I love books. Love books. But I've never really considered before how I read them.
A friend of mine, also a writer, reads very deliberately, a book in one hand, a pencil in the other. She dissects pages, paragraphs, sentences. She analyzes word choice and sentence progression. When I hear her talk about her reading process, I marvel. I don't read this way. Not with novels, at least.
I do analyze short stories. They're short, you see, and I can hold their entirety in my head. Taking a pencil to a short story like a surgeon wields a scalpel isn't as daunting as my friend's novel dissections. With a short story, I typically read it through once for pleasure and a second time (or more) to figure out what the author did and how.
When that happens, then I'll go back (either in that moment or later, if the story is too gripping to put down) and look at how the author worked his or her magic. That's what reading is for me: a kind of magic. I really have no agenda other than to be swept up and carried away.
Most of the time the gasp comes from the events of the story itself. A recent scene that took my breath away was in Neil Gaiman's The Ocean at the End of the Lane. I don't want to give any spoilers, so I'll just sum it up with two words: water bucket. Wow. That gave me goosebumps. I literally gasped. Then I set the book down in my lap and took a minute to contemplate the event, its impact on the story and on me as a reader.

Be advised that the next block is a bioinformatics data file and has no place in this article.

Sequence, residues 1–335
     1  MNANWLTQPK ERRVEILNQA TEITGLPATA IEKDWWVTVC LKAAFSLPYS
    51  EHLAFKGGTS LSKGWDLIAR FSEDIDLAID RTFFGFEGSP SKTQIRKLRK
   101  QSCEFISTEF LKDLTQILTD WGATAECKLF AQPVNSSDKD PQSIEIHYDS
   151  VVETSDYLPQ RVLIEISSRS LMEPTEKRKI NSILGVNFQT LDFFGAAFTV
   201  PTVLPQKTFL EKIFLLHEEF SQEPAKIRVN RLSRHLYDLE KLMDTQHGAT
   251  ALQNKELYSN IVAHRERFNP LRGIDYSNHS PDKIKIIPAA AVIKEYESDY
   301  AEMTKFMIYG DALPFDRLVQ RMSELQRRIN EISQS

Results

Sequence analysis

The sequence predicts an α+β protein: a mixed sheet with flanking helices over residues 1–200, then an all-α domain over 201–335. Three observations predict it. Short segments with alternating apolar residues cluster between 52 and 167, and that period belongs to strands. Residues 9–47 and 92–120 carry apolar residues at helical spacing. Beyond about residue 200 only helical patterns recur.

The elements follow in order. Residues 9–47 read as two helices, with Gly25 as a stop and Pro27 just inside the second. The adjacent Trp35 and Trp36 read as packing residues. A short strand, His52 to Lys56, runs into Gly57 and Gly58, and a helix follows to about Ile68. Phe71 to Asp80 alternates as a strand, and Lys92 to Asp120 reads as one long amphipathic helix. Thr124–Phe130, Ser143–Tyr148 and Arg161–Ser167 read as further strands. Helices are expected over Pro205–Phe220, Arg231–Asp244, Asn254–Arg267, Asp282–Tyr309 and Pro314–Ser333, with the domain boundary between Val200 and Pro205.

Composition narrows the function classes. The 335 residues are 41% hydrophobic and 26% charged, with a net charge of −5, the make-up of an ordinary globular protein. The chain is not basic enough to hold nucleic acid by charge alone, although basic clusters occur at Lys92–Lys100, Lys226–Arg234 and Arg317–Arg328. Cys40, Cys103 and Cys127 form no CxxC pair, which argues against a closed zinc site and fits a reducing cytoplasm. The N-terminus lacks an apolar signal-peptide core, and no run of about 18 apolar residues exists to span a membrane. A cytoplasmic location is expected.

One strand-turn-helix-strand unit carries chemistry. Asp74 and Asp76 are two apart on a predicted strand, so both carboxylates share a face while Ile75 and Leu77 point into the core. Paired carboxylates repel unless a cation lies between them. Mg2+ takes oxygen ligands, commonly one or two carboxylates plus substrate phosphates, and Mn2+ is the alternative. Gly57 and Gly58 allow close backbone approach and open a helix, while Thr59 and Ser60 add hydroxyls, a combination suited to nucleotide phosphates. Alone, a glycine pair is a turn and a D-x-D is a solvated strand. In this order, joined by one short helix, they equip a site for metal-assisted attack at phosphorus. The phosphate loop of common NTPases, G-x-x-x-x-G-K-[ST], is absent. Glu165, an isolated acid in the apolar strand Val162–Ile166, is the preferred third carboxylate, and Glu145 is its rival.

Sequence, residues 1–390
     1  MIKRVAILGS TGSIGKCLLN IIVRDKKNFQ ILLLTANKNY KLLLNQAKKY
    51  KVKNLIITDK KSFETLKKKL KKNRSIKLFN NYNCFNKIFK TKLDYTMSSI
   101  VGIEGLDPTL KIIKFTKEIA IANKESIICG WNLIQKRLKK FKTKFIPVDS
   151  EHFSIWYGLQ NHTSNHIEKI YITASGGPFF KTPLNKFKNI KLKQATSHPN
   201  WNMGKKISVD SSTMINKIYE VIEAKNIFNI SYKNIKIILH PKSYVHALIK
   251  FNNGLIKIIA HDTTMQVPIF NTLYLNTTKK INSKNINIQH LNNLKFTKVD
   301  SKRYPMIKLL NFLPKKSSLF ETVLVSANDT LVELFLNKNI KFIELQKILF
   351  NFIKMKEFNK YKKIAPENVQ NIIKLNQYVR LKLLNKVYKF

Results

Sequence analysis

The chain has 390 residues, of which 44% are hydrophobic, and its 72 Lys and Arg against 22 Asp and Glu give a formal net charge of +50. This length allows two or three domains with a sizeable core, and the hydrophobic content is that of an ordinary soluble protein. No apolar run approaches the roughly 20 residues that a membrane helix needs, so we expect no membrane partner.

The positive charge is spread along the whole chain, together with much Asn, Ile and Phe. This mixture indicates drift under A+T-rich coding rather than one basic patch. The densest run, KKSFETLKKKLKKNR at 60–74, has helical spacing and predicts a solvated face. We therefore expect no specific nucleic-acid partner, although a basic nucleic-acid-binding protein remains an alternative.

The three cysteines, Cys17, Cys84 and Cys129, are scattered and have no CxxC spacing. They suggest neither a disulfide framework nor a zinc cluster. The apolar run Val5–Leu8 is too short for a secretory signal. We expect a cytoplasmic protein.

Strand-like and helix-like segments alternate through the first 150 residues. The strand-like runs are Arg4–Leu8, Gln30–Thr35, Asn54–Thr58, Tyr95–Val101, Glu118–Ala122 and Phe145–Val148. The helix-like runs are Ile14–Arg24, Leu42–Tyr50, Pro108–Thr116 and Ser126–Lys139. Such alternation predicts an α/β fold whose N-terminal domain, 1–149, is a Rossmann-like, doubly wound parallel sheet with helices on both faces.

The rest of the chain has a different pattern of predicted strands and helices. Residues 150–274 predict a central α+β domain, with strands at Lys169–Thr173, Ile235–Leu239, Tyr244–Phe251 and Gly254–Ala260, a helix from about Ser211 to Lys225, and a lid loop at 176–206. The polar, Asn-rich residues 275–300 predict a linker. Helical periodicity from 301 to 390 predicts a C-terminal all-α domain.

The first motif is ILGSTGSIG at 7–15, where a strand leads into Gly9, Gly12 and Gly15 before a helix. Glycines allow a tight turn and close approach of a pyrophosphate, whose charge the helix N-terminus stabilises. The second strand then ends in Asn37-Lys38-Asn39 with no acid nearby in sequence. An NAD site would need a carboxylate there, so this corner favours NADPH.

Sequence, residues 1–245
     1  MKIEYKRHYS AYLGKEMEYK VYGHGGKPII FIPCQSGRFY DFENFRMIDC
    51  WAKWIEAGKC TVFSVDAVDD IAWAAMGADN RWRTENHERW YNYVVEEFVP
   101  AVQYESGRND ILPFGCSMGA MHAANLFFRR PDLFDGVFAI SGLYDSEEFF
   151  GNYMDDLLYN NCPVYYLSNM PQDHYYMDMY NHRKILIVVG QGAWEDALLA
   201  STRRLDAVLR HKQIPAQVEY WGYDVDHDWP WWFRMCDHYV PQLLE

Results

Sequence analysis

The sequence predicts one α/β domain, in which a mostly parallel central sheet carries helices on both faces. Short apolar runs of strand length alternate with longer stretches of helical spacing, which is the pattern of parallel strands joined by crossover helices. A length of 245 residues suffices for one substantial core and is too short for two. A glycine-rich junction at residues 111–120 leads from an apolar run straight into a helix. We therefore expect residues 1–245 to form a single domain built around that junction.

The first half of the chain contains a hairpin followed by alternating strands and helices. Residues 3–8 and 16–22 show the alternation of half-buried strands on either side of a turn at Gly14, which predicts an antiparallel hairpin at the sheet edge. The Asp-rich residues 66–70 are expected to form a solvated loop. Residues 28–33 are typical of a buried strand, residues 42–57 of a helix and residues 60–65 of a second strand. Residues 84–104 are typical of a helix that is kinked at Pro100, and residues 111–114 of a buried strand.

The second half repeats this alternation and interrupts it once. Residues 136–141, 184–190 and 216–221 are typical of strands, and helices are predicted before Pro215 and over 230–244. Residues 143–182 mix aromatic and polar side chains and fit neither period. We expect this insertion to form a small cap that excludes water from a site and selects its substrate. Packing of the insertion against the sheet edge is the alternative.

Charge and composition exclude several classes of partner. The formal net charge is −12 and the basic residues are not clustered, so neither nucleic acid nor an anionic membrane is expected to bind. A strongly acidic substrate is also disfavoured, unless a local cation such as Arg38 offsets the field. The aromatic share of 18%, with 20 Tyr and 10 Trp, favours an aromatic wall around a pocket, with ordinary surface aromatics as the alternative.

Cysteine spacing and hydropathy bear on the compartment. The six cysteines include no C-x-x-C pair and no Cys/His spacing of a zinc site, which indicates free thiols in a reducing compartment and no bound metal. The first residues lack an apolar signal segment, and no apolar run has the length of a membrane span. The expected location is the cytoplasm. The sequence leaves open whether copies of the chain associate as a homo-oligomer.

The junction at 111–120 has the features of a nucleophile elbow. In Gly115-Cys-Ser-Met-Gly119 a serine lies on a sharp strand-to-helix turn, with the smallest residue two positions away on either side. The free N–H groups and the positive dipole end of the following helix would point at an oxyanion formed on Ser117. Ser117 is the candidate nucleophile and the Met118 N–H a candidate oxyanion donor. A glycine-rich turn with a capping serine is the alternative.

Sometimes, though, the gasp is over a technique an author used. I'm currently reading The Wise Man's Fear by Patrick Rothfuss, and came across a passage that wowed me as a writer. (I can expound on this one without fear of giving anything away.) The protagonist tells a story to his friends, and the story is given its own chapter. During the telling, the protagonist's friends interrupt, asking questions and arguing a finer point of the story. Rothfuss handles their intrusion with several lines of italicized, unattributed, quotation-marks free dialogue. In a simple, unobtrusive way, the reader is reminded that the chapter is the telling of a story within a story (within another story, actually), as well as reminded that there are people other than the reader "listening" the tale, and that those others have their own opinions, questions, reactions. It's brilliant. It impressed me in a different way than the passage from Ocean at the End of the Lane, but it impressed me nonetheless. As a writer, I learned from that reading.
Sometimes I wonder if I should slow down and analyze books deliberately, like my friend does. My writing would probably benefit from such study, as I'm sure hers has (her writing is gorgeous!). My fear, though, is that my joy of reading would suffer, and that just isn't something I'm willing to sacrifice. Reading for exhilaration, relying on the Gasp Method, may not be the most scientific way of reading, but I've found it's what works for me.